# Omaha Odds and Outs: A Quick and Dirty Guide

Most Hold'em players, including very good Hold'em players, don't know the true odds and outs in most standard Omaha situations.

Good players can play good Omaha purely by feel and instinct. But it never hurts to have knowledge of the true numbers. Before you can learn odds, you have to know which hands we're talking about.

Omaha Specific Draws

So as not to slow things down, I won't provide an exhaustive list of the standard Hold'em hands and draws here. If you don't know how many outs are in an open-ended straight draw, check out this article here.

The Wraparound: A wraparound straight draw is where you have two cards above and one below the two connected board cards (or vice versa). For example:

Hand: Q J 8 2

Flop: 10 9 3

In this scenario, between your hand and the connected board cards, you have 8-9-10-J-Q (bold indicates cards in your hand).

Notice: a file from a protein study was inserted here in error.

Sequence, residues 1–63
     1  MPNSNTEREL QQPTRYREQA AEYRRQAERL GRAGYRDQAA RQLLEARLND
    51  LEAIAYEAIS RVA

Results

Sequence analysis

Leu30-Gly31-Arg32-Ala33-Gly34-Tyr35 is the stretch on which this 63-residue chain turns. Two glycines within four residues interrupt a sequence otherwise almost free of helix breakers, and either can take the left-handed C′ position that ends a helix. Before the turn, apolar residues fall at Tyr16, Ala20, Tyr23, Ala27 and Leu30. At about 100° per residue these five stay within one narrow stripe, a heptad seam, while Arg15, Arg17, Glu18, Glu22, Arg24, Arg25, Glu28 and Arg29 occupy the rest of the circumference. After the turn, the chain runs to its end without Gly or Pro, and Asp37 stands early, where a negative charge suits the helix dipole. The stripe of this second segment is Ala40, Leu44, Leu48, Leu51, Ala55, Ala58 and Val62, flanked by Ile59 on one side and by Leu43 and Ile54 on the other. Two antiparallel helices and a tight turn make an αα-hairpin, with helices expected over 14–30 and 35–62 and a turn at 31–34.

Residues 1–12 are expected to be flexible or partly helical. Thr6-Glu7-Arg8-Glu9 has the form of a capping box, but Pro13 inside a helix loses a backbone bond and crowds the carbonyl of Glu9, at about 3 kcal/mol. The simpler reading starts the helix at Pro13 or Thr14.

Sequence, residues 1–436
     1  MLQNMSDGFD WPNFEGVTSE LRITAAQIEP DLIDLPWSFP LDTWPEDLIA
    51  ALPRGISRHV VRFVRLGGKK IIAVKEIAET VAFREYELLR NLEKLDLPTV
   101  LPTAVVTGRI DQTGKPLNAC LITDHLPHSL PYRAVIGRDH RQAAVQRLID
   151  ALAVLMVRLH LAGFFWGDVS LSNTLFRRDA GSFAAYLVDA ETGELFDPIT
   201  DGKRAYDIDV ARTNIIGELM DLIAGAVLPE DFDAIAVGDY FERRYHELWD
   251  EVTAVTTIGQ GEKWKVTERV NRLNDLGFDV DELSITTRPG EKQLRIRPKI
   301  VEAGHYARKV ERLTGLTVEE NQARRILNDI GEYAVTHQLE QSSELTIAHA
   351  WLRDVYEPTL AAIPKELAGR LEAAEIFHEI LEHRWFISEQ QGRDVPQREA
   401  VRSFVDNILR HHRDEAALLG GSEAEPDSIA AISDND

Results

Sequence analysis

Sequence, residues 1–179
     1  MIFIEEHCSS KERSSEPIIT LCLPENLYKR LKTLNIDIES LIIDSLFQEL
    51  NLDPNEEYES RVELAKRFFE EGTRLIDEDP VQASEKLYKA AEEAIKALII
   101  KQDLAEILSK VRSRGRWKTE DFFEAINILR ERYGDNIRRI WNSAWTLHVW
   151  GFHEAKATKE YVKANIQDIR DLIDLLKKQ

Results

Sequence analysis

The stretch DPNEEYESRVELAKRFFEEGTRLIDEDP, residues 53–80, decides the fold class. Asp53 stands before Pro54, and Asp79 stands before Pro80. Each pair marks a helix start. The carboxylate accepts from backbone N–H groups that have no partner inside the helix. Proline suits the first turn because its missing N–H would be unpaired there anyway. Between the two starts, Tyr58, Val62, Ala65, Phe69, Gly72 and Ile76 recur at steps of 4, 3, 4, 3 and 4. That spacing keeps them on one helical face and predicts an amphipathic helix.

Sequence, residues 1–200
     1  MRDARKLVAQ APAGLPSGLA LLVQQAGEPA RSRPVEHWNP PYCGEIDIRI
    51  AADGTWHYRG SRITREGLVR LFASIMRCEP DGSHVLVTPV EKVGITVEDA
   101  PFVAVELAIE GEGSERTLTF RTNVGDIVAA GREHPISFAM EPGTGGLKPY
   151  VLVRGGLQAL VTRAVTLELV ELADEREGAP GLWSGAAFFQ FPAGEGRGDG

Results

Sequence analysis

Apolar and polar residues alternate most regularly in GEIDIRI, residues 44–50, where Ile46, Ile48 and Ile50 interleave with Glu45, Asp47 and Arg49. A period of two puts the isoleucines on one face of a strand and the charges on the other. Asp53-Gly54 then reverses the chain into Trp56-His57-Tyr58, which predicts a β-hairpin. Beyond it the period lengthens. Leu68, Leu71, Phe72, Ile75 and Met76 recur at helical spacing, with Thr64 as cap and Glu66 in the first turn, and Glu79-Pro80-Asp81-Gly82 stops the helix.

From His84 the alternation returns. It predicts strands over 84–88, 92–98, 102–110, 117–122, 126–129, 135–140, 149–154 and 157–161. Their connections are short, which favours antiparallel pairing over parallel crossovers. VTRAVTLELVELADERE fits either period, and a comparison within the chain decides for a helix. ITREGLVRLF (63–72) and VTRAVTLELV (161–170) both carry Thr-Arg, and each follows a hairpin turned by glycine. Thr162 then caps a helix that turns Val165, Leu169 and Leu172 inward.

To make a straight you need one of the following:

7(x4), 8(x3), J(x3), Q(x3), K(x4) = Total of 17 outs.

I can guarantee, winning money at Omaha is much easier than wrestling an alligator for it.

The Double Wraparound: A double wraparound draw is when you have two cards above and two cards below the two connected cards on board. For example:

Hand: Q J 8 7

Flop: 10 9 3

In this scenario, between your hand and the connected board cards, you have 7-8-9-10-J-Q

To make this straight you need to hit one of the following:

6(x4),7(x3), 8(x3), J(x3), Q(x3), K(x4) = Total of 20 outs.

The 13-Out Straight: A 13-out straight draw is when your hand holds three cards above or below the two connected board cards. For example:

Hand: K Q J 4

Flop: 10 9 3

In this scenario, between your hand and the connected board cards, you have 9-10-J-Q-K.